Rep. Steve King, Chairman of the House Agriculture Committee's Subcommittee on Department Operations, Oversight, and Nutrition, held a public hearing to examine the role of the Supplemental Nutrition Assistance Program (SNAP) in relation to other federal assistance programs.
The Ag Minute: House Farm Bill Addresses Regulatory Burdens to Get Economy Moving
Tamara Hinton, 202.225.0184
WASHINGTON – This week during The Ag Minute, guest host Rep. Stephen Fincher discusses one of the many regulatory relief measures included in H.R. 2642, the Federal Agriculture Reform and Risk Management (FARRM) Act of 2013. The measure is H.R. 1287, the Sound Science Act of 2013, which requires federal agencies to develop policy based on scientific integrity. The bill requires federal agencies to have in effect guidelines to ensure and maximize the quality, objectivity, utility, and integrity of the scientific information upon which the agencies rely. It further prohibits agencies from making policy decisions without such guidelines in place. The U.S. House of Representatives adopted the measure as part of the House farm bill.
Click here to listen to The Ag Minute. The transcript is below.
"Hi I’m Stephen Fincher from the eighth district of Tennessee.
"It’s not just taxes and deficit spending that we must address to get our economy moving. We must also tackle the regulatory burden that inhibits job creation, economic growth, and threatens the livelihoods of America’s farmers.
"We have focused a great deal in this Congress on ensuring that our federal agencies use the best science available when making policy decisions. In fact, I introduced a bill – H.R. 1287, the Sound Science Act of 2013 – requiring federal agencies to develop policy that adheres to the scientific method. This bill is included as part of other regulatory relief measures in the House farm bill.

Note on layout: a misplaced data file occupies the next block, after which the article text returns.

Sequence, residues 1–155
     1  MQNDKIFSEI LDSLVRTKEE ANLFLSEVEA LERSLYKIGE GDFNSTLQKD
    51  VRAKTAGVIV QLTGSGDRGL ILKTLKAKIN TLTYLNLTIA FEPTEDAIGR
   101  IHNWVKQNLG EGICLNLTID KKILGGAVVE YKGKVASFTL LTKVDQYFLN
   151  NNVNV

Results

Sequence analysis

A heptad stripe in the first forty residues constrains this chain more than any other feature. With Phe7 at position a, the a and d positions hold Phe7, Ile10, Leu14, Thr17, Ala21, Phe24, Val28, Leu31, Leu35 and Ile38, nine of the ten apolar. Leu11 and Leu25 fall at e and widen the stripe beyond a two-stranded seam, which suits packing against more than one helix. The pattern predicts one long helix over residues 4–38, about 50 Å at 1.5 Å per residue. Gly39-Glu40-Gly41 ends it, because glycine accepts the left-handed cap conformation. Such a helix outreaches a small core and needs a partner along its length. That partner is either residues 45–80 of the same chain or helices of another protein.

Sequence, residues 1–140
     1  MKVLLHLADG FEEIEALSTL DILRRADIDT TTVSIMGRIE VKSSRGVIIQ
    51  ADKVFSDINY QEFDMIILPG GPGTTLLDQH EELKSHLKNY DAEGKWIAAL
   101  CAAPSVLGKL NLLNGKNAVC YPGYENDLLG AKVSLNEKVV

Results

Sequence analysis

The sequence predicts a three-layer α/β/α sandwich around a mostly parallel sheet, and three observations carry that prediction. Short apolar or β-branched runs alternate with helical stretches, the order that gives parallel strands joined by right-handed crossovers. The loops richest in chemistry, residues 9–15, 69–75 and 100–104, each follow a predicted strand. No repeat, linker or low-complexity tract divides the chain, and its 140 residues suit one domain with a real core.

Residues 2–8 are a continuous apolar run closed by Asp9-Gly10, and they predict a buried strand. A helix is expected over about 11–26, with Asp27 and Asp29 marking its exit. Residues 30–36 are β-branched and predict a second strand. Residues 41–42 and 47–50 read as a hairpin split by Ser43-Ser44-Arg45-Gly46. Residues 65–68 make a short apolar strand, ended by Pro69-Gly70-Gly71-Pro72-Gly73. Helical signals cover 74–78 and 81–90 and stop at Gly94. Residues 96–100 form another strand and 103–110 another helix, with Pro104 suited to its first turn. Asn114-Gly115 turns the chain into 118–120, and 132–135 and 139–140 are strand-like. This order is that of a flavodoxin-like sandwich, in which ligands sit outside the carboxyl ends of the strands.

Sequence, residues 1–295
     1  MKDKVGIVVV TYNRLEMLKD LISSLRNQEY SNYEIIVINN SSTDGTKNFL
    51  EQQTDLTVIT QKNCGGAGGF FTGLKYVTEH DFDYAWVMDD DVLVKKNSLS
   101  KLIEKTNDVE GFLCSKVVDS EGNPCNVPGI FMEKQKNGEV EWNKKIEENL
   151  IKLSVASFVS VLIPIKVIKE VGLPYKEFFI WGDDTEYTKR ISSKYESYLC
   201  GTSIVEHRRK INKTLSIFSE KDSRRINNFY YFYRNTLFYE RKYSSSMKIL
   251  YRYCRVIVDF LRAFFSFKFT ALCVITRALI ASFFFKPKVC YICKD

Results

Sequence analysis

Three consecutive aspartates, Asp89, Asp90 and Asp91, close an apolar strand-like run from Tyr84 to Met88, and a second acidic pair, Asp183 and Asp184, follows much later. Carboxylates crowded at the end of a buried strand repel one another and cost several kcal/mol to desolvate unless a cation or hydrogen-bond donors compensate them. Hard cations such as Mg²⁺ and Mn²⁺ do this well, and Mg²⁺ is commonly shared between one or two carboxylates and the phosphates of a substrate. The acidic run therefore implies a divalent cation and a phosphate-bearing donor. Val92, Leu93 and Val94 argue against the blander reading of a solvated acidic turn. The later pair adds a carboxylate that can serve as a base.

"It is a sensible, bipartisan approach that actually started as part of a White House initiative in 2009. Unfortunately, after more than four years, some departments and agencies are not making progress on this front. Even the left-leaning Union of Concerned Scientists gave some agencies, including USDA, a lackluster review in a progress report. They noted that the departments are not demonstrating an adequate commitment to scientific integrity.
"My amendment that’s part of the farm bill attempts to address some of these inadequacies. It clarifies that scientific information must be supported by peer review when appropriate; ensures that scientific studies used in making policy decisions are disclosed to the public with a requirement to allow stakeholder input. It also allows stakeholders to challenge any regulatory action that violates an agency’s scientific integrity guidelines.
"This provision and many other regulatory relief measures are compelling reasons why we need to pass a farm bill this year. We need to lighten the regulatory load for our farmers and small businesses in rural America."
The Ag Minute is Chairman Lucas's weekly radio address that is released from the House Agriculture Committee.